This young gardener scries to figure out why her plant died.
We all know somebody with a green thumb.
It’s a grandmother, an aunt, a grandfather, father, or sometimes it’s some young Johnny Appleseed who just has to look at a tree to make it grow. We wish we had that green thumb, but we joke that ours is black, we’re cursed, or what have you. It turns out that many of us actually believe it.
A recent survey by Today’s Garden Center shows that most gardeners “under 49 years old often think success in gardening is a result of luck.” Many of the respondents viewed gardening as a risk — they had to weigh the potential gains against the potential financial loss when buying a plant.
I’m going to share a secret: There is rarely luck; it’s mostly science.
It’s sometimes hard to figure out what plants need because plants can’t talk back and tell us when they need something, but the information is out there. Mostly, it comes down to experience. That’s probably why people aged fifty and over didn’t list luck as a major factor in gardening any more.
So how do people get that knowledge? You could muddle your way through and learn by trial and error, but it’s an expensive route in terms of both time and money. There are two easier ways to get there:
- Read! Follow blogs, read some books, search the Internet! But be careful and make sure that your sources are good ones. There’s a lot of misinformation out there.
- Interact! Join a gardening club or seed swap. Join some online gardening groups like the ones at hort.net. Talk with people and pick their brains. Chances are you’re not alone in whatever you’re trying to do.
We’re going to help you here, too. These winter doldrums are getting to us, so it’s time to start writing tips. Things like how to dig a hole (believe it or not, this isn’t as straightforward as you might think). How to make your own soil mix. Ways to propagate plants, install your own irrigation, battle deer, battle weeds, battle pests… The list goes on and on. But don’t let this daunt you — sure, there are a lot of possible topics. But you don’t need to know them all to garden well. Following these rules is almost always enough:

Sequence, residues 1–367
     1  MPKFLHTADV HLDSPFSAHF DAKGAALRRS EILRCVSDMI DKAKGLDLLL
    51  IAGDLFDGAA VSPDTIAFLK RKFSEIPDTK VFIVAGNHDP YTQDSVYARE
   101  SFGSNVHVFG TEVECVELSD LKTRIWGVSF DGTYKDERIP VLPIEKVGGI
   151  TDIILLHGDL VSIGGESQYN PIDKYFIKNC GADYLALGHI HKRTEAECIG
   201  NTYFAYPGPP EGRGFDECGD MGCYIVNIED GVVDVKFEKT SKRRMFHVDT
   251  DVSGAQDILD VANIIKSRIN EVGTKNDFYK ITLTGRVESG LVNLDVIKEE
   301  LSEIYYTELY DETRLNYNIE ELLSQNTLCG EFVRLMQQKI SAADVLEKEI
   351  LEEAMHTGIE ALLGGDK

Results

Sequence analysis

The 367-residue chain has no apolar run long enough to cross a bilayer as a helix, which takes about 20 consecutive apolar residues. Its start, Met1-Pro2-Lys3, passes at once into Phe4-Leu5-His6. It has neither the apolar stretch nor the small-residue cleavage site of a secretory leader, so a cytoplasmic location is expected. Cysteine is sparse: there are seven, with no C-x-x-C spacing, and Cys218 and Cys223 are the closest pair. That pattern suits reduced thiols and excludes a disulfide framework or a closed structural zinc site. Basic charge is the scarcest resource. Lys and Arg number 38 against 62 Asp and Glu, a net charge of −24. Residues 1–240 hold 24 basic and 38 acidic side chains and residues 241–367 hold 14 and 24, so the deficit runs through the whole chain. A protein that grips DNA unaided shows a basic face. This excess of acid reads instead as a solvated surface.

- Respect your plants’ needs! Research their needs and try to grow them in a matching space. Think about sun, water, drainage, and temperatures.
- Make sure your plants get water if they need it. If a plant dries out too much, it suffers.
- Don’t overwater your plants! This is probably the #1 cause of death in cultivated plants. Make sure they get drainage if it’s needed.
- Fertilize your plants accordingly. Plants usually do better with fertilizer. Just make sure you use the right fertilizer for the right plant.
- Watch for diseases and pests. If you see something that looks wrong with a plant, find out what it is and fix it, if possible.
Do you have any questions you’d like to have answered? Let us know!